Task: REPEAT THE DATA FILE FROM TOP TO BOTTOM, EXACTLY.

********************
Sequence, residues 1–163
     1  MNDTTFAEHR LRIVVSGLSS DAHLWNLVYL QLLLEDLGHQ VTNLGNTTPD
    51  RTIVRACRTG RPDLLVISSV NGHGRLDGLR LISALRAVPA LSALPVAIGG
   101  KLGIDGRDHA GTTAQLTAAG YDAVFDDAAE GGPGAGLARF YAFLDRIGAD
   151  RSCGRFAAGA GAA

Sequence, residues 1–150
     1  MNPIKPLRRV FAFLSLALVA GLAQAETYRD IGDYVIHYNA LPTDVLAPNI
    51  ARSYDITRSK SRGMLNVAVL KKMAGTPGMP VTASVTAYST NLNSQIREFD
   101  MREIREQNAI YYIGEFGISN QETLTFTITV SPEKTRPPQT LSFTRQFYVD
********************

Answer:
Sequence, residues 1–163
     1  MNDTTFAEHR LRIVVSGLSS DAHLWNLVYL QLLLEDLGHQ VTNLGNTTPD
    51  RTIVRACRTG RPDLLVISSV NGHGRLDGLR LISALRAVPA LSALPVAIGG
   101  KLGIDGRDHA GTTAQLTAAG YDAVFDDAAE GGPGAGLARF YAFLDRIGAD
   151  RSCGRFAAGA GAA

Sequence, residues 1–150
     1  MNPIKPLRRV FAFLSLALVA GLAQAETYRD IGDYVIHYNA LPTDVLAPNI
    51  ARSYDITRSK SRGMLNVAVL KKMAGTPGMP VTASVTAYST NLNSQIREFD
   101  MREIREQNAI YYIGEFGISN QETLTFTITV SPEKTRPPQT LSFTRQFYVD